The cost of traditional college education also is a concern for students, said Elise Gould, senior economist at the Economic Policy Institute, a Washington-based left-leaning think tank.

Data from the institute shows public spending in education has not kept pace for per-student costs — as full-time enrollment increased up until its peak in 2011, appropriations decreased, putting more cost burden on students.

With higher tuition costs, it's more difficult to complete school, and those who don't are saddled with debt without the degree to support the payoff, Gould said.

Pennsylvania has the second highest affordability gap in the nation for low-income students at public four-year institutions at $12,331, meaning that's the cost of education minus income at minimum wage 10 hours per week, according to a study by another Washington-based left-leaning think tank, The Education Trust.

"I think a lot of young people find that a huge barrier," Gould said, adding that the bottom 60% of graduates still have lower wages than they did in 2000 or in 2007.

Meanwhile, there are trade jobs with higher-than-typical payouts, Gould said, adding that more than 70% of the fastest-growing jobs do not require a college degree.

Pennsylvania has had a big push for career and technical education.

Central York High School senior McKenna Johnston and chemistry professor Matt Williams check one of the displays during the International Union of Pure and Applied Chemistry Global Breakfast at Central High School Thursday, Feb. 14, 2019. The event coincided with celebrations of the International Year of the Periodic Table around the world. Female students invited from all York County school districts attended the program with STEM-involved professional women with the goal of sharing information and inspiring young women to pursue careers in the field. The Periodic Table was first outlined by Russian chemist Dmitrii Mendeleev in 1869. Bill Kalina photo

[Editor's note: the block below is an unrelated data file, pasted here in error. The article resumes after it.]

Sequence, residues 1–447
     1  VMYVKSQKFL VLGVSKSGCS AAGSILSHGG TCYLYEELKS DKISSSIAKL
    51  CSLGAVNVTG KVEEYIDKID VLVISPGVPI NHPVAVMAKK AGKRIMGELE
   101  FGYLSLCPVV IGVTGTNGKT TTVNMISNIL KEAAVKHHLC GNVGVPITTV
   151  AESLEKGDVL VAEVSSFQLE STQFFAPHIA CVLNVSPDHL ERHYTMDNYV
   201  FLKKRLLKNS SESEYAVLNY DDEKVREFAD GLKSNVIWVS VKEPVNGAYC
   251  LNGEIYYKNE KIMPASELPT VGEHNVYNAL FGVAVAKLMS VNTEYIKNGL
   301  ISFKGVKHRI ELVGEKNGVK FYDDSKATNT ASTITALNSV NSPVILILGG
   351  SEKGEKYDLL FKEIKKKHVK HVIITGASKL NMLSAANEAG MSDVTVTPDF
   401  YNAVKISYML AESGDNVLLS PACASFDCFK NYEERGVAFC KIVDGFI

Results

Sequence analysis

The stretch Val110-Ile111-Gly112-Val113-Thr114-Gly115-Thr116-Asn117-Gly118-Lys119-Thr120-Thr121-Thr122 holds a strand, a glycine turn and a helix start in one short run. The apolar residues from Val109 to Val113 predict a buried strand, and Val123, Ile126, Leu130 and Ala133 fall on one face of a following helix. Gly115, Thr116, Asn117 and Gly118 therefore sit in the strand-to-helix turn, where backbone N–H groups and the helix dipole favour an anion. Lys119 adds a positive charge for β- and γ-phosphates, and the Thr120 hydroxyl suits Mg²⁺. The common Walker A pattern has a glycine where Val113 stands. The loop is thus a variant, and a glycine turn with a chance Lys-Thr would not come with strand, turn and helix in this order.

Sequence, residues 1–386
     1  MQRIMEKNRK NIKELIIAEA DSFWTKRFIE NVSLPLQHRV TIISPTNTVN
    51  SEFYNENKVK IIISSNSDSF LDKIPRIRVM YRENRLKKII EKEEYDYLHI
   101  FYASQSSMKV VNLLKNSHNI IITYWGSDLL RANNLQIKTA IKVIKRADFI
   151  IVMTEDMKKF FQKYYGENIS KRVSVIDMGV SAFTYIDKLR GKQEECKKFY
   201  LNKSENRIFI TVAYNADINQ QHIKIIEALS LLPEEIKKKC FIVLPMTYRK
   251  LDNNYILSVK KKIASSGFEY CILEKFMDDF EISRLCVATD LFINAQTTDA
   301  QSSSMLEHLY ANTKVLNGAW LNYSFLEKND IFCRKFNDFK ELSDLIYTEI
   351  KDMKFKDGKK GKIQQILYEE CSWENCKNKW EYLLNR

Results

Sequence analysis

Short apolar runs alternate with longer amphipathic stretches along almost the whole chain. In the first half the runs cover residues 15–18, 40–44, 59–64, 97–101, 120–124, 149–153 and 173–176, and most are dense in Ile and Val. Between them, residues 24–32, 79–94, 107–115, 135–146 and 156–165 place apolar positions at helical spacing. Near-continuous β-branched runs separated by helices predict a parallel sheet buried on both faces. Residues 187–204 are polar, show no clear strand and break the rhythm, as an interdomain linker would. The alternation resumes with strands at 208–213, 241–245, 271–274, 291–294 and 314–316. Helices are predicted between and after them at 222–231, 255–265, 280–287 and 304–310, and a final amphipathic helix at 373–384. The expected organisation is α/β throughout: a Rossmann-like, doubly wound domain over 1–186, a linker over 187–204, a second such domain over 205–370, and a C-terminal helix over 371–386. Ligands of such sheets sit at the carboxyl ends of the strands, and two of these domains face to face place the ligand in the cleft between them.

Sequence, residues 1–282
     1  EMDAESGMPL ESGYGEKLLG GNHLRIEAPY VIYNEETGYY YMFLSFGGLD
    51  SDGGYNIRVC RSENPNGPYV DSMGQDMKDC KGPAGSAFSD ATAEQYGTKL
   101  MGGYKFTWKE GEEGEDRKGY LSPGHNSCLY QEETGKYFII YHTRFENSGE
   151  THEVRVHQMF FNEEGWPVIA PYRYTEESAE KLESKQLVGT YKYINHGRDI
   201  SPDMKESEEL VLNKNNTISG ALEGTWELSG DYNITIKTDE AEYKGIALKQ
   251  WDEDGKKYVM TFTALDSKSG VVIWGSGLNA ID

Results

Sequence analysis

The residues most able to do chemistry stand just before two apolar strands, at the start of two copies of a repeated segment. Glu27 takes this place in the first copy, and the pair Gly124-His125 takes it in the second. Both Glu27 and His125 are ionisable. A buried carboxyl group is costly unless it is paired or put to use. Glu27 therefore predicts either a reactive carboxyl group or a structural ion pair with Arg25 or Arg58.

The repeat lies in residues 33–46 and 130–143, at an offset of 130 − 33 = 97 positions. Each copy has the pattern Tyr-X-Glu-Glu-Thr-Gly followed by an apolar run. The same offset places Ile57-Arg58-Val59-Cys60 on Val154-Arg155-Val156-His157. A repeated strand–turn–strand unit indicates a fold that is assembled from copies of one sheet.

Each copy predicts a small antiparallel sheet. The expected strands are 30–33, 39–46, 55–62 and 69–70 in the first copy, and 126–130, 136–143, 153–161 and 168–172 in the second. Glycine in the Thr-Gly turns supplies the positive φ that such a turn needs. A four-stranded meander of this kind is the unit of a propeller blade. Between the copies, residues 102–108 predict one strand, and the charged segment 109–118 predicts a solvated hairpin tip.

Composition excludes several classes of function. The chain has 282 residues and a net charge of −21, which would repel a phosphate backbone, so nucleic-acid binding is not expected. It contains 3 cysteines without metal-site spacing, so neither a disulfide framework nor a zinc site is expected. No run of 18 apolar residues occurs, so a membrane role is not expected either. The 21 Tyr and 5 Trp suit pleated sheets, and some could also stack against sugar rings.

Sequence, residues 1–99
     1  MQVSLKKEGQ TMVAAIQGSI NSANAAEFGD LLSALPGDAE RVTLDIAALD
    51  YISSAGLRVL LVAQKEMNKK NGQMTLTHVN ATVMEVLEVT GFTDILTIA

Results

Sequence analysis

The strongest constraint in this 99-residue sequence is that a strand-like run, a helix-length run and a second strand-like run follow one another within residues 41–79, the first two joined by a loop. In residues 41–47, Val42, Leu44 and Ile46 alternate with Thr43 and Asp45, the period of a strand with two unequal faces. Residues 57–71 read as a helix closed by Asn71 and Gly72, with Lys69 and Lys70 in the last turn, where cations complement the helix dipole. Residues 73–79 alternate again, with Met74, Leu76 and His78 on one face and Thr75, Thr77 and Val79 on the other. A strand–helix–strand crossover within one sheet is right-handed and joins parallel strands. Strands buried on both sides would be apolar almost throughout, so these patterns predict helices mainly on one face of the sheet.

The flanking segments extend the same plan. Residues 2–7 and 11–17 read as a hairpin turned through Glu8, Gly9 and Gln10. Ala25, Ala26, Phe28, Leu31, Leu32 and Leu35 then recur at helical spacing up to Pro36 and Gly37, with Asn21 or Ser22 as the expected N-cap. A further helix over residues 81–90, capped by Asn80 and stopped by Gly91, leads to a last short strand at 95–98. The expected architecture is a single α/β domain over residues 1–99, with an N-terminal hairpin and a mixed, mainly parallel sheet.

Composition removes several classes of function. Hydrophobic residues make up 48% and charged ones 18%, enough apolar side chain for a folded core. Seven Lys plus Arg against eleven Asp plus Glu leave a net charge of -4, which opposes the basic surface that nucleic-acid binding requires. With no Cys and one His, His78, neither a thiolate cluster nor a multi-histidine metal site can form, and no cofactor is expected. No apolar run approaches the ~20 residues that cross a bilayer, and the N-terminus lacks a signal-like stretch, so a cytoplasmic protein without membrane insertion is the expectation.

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Liberal arts education especially has seen a decline in the last decade, according to NCES data, and Clearinghouse data shows most majors declined in the past three years except for trade and technology fields such as communication technology, which saw a 7.8% increase. 

But Daniel Green, vice president of enrollment management at York College, said he'd be worried that if students go directly into the workplace, their salary potential could be capped as the job skills needed change over time.

"I worry about the long-term opportunities for those without a bachelor's degree," he said.

In fact, a variety of research shows much more growth potential, quality of life, increased salaries and lifetime earnings from college, Green said.

Enrollment will see a slight uptick over the next few years, Shapiro said, but unfortunately it will dramatically drop again over the next four to five.

Inside Higher Ed referenced research from Nathan D. Grawe's 2018 book, “Demographics and the Demand for Higher Education,” that said the recession in 2008 led to drops in birth rates, which will start affecting enrollment by 2026.

Ten percent fewer students will be going to college by 2029, Grawe predicted, but elite colleges will feel less of an impact than smaller, regional institutions.